Site Preparation: Prescribed Burning
To Burn or Not to Burn
Control (or prescribed) burning is a forestry tool many landowners like to use to prepare tracts for planting. What does burning accomplish and should you spend the money on it?
A primary benefit of control burning is to improve planter access by reducing logging debris and vegetation. The clearing effect of a controlled burn allows hand planters or machines to cover the entire area, be more accurate with tree spacing, and make good contact between the seedling and the soil. Generally, any effects on vegetation are temporary. The brush can be top-killed by burning, but the root system remains unaffected and will often sprout back vigorously. Occasionally, a fire will be hot enough to affect the root system. Really hot fires can have detrimental effects on the litter layer that helps prevent erosion and sheet washing on slopes and adds organic matter to the soil over time. Hot fires should be avoided for these reasons. Unless logging debris is very heavy, hand planters and machines are usually able to work around tops and brush piles and give a quality planting job with the adequate spacing of seedlings. The fire lines that are typically necessary for control burning can improve access for walking and four-wheelers but must be carefully installed to prevent erosion. Seeding with grasses or wildlife beneficial plants should be considered.
The cost of control burning can range from around $10 per acre to $50 or more. Landowners should consider whether this cost is necessary to get a quality-planting job. Spending this money on weed control and improved genetics is often a better choice, simply by investing a few more dollars per acre. Control burning can be a valuable tool but consider if it is essential and review all your options that could be better investments in the long term.
Your experienced ArborGen Reforestation Advisor (RA) can assist you in looking at your goals and options as you begin site preparation. Contact the RA in your area.
John Pait, VP of Sales and Marketing, Retires
Congratulations to John Pait on his recent retirement as Vice President of Sales and Marketing. John has been instrumental in developing and implementing ArborGen’s strategy to transform the business of forestry and timberland management for private landowners, consultants, and corporate entities through the adoption of advanced genetics.
Before joining ArborGen, John was the Senior Vice President of Business Development for CellFor Corporation in Atlanta, Ga., led forestry R&D at Smurfit-Stone, and then managed the Forest Productivity Groups at Georgia-Pacific, The Timber Company, and Plum Creek Timber Company.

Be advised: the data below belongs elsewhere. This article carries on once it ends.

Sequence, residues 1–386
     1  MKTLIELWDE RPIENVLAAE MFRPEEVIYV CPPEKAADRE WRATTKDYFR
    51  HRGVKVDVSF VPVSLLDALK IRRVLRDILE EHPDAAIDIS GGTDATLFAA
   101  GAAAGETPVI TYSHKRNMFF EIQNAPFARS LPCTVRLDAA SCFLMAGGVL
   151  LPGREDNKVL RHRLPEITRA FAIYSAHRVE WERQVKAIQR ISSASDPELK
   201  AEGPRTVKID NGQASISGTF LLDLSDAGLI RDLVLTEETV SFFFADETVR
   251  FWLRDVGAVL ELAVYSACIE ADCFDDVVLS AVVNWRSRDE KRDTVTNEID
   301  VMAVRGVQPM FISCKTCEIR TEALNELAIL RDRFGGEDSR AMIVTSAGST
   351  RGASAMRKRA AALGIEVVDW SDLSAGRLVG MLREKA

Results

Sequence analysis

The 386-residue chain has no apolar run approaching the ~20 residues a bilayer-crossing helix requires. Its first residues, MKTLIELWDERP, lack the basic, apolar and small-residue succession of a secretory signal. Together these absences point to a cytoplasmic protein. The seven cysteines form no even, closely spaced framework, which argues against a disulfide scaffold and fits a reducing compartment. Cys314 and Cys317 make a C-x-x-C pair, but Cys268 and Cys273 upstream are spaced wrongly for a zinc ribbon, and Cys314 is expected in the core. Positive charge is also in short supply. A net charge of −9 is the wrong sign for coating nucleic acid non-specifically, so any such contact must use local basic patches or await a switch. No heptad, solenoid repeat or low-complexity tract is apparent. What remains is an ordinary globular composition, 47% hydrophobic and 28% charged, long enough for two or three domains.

Vice President of Sales & Marketing
At ArborGen, John provided commercial and strategic leadership for its global business, including seedling sales, marketing, and product development. John has served on multiple industry boards, including Forest Landowners Association, the Forest Resources Association, and the National Science Foundation Center for Advanced Forest Systems. A native of Atlanta, John received his BSFR in Forest Management and MS in Silviculture at the University of Georgia’s Warnell School of Forestry and Natural Resources.
Andrew Baum, president and CEO, said, “I want to thank John for his many contributions to the success of ArborGen. He will be leaving a space that will be impossible to fill. Fortunately for us, he has agreed to work as needed on a contract basis, and I look forward to tapping into his advice and forestry expertise.”
“I look forward to this next step in life with Carolyn and my family. They have been the basis of support and love over my career, and I am excited to give them my full attention,” said John.
Welcome Joseph Watters, ArborGen Selma Nursery Manager
ArborGen is pleased to announce Joseph Watters is the new Nursery Manager in Selma.
Joseph comes to us from Plantation Tree Company where he was the Greenhouse and Container Yard Manager. There he was responsible for the day-to-day operations of greenhouses and a two-acre container yard. Along with other duties, he dealt with issues involving plant disease, nutrition, and irrigation.
Joseph has a bachelor’s of science degree in Ag Horticulture, Fruit and Vegetable Production. Joseph is a native of Selma and enjoys hunting, fishing, sports, and growing a vegetable garden. He also loves spending time with his friends and enjoys traveling.
Please stop by and welcome Joe to the ArborGen team.
Congratulations to ArborGen Reforestation Advisor Greg Hay
The Society of American Foresters has honored one member from each of the 11 SAF voting districts with the 2022 Presidential Field Forester Award. This award recognizes members who have dedicated their professional careers to the application of forestry on the ground using sound scientific methods and adaptive management strategies.
Congratulations to Greg Hay as he has been awarded the SAF 2022 Presidential Field Forester Award for District 9.
Over the years, Hay has served in several SAF leadership roles such as chair of the Ouachita SAF, chair of Caddo Chapter, secretary-treasurer of Arkansas Division, and chair of SAF Certification Review Board.
Seedling Availability Map
We have very limited availability of Bareroot Loblolly Pine for the Piedmont region. It’s never too early to start planning for next year’s planting so please don’t hesitate to contact your Reforestation Advisor or ArborGen Nursery with any questions.
Get in touch with a Reforestation Advisor to explore your options!
Paul Jeffreys, Ph.D.
Western Tennessee, Alabama, and Mississippi
Geoffrey Lee Hill
Georgia, Virginia, Eastern Tennessee, Northern North Carolina
Eastern Texas, Southern Louisiana
Southern North Carolina, South Carolina
Florida Gulf Coast, South Alabama, Southwest Georgia
Arkansas, Northern Louisiana, and Oklahoma
Director, U.S. Sales
FIND AN ADVISOR OR NURSERY
GET IN TOUCH
2011 Broadbank Court
Ridgeville, S.C. 29472